Posted by Jesse March 9th, 2009 at 10:02am In SNL
When Dwayne Johnson first hosted SNL (as The Rock) in 2000 and again in 2002, I admired his gameness and good humor, but I felt like he hammed it up slightly — that he seemed just a little too conscious of how cool it was to see a professional wrestler give this comedy thing a try (that said, the sketch with Neil Diamond advertising his album of duets with Bigfoot is an all-time great). Now that attitude has been co-opted to some degree by Justin Timberlake, who in the most recent Johnson-hosted episode contributed his latest in a series of slightly smug surprise appearances — and Johnson, after growing into his acting career, has emerged a pretty nimble comedian.
Having the erstwhile Rock poke fun at his hyper-masculine image by singing and dancing in the monologue isn’t exactly a new idea, but it worked here because Johnson really is a pretty graceful physical performer, as he further illustrated playing a hostile Hawaiian restaurant employee. Again, neither the core idea nor the execution was exactly inspired, but Johnson’s ability to punctuate his complete disdain with some smoothly bowlegged dancing was key to the sketch’s success.
All night, in fact, the Rock, er, Johnson (can I compromise and just call him The Dwayne?) was placed into sketches where his performance was absolutely key, and fairly specific to his skill set, without any of them turning into gimmicky bits based around the Dwayne playing himself. I wonder if a few years ago a sketch like “The Rock Obama” would’ve been filled with more explicit wrestling references and catchphrases; as it played out on Saturday, the Rock served the concept rather than vice versa.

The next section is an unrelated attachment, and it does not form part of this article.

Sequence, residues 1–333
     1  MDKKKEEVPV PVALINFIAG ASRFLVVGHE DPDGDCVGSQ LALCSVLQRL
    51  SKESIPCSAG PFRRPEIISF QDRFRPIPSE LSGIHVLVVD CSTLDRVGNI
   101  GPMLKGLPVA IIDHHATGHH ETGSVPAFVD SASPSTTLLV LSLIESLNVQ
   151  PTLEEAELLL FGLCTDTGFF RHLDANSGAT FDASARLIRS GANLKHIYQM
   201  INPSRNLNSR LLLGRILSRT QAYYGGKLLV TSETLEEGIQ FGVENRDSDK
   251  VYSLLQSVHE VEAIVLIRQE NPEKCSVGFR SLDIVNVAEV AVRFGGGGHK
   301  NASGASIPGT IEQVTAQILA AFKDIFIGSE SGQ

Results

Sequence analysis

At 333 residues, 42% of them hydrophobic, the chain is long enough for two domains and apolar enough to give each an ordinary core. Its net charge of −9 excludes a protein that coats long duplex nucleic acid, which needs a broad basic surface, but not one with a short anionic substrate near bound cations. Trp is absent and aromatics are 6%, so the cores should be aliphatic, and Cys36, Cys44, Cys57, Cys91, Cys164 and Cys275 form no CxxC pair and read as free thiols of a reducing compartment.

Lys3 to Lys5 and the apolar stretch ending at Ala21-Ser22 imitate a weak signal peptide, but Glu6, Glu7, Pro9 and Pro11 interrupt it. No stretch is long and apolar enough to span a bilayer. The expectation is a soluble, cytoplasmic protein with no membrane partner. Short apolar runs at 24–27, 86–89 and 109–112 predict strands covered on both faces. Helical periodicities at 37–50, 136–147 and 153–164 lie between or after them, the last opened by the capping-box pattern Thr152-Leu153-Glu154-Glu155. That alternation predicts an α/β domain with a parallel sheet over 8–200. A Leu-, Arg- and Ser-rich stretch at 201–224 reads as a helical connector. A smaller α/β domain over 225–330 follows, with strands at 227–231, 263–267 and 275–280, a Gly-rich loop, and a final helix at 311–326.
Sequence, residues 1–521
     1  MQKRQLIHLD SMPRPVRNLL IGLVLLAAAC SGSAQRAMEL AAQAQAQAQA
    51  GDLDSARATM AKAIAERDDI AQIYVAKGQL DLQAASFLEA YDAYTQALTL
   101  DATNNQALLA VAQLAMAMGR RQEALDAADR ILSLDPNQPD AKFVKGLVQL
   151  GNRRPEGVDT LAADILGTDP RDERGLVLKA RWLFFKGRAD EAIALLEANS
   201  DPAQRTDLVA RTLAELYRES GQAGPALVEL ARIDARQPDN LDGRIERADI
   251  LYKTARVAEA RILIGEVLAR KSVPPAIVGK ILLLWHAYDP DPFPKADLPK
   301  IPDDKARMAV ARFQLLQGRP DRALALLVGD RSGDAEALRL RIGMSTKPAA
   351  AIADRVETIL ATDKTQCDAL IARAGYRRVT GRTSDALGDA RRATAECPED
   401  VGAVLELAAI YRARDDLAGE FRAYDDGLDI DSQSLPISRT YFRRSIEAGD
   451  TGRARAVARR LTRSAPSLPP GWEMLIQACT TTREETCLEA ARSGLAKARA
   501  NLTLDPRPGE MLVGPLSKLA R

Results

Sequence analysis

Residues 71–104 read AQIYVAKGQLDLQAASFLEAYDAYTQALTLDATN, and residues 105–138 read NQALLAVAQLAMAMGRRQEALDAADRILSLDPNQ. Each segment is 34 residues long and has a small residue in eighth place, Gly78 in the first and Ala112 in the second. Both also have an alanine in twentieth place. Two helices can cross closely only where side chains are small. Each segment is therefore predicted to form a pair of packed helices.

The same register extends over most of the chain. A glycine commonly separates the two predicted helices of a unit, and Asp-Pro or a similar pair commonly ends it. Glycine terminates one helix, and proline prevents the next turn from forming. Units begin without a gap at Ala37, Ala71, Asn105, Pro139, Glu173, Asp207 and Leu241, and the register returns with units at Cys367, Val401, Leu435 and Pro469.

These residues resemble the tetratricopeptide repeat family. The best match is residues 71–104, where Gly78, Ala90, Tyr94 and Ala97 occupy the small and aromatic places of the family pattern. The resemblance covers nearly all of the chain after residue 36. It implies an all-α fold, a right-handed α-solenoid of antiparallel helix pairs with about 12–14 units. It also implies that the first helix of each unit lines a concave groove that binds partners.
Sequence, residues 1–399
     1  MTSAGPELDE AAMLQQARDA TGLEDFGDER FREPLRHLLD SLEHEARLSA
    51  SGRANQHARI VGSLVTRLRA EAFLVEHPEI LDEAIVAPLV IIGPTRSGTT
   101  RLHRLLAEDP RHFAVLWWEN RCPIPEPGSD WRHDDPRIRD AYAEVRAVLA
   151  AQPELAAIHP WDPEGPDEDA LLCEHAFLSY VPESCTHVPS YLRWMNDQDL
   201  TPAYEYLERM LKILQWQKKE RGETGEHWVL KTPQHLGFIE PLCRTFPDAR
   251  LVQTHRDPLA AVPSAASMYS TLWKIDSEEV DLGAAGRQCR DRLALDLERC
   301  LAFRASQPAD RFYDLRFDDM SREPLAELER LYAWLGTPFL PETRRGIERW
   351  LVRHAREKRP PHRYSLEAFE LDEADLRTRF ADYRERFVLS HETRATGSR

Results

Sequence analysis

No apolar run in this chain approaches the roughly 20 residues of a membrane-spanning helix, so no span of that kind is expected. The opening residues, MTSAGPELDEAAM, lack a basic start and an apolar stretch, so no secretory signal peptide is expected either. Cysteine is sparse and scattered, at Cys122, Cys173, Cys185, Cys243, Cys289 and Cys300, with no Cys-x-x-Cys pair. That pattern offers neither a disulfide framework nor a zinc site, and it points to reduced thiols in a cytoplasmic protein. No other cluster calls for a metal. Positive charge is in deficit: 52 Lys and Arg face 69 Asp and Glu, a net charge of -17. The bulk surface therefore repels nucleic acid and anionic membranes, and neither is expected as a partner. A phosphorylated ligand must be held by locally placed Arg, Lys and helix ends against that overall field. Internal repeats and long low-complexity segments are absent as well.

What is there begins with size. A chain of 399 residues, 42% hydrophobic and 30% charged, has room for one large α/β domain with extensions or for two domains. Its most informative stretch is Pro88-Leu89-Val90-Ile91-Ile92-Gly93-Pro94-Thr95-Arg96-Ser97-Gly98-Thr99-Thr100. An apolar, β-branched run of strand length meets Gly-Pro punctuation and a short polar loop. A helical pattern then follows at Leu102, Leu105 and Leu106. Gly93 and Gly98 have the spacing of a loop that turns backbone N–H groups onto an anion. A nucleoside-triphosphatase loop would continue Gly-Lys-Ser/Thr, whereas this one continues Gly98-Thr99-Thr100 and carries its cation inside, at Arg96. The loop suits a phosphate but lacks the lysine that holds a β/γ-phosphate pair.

Even the night’s, and one of the season’s, funniest sketches, which on its surface is a virtuoso showcase for Bill Hader, depends on Johnson’s ability to play the straight man:
Think about this. This guy does not do sketch comedy every week. Yet he was sitting right next to Hader and didn’t break character with a giggle. This, to me, seems incredibly difficult, because I can barely look at a frame of Hader making those alien faces without cracking up. Also, the way the writing of this sketch jumps right in and reveals the explanation of the premise as the sketch proceeds is fairly masterful.
I also liked the episode-ending sketch where Johnson played a lighthouse keeper trying to get busy with Kristen Wiig. It had nothing to do with his persona or anything, but lighthouse gags usually make me laugh, as do old-timey sea captains and tools on jetskis.
If anything slowed the episode down (besides the anemic Ray LaMontagne performances) it was the length of some of the sketches and, especially, Weekend Update. The Timberlake/Biel cameos were kind of cute, I guess, but I’m past the point of needing to stop the show cold to acknowledge what a good sport Justin Timberlake is, especially when The Rock is out there proving the same without breaking a sweat.
Episode Grade: B+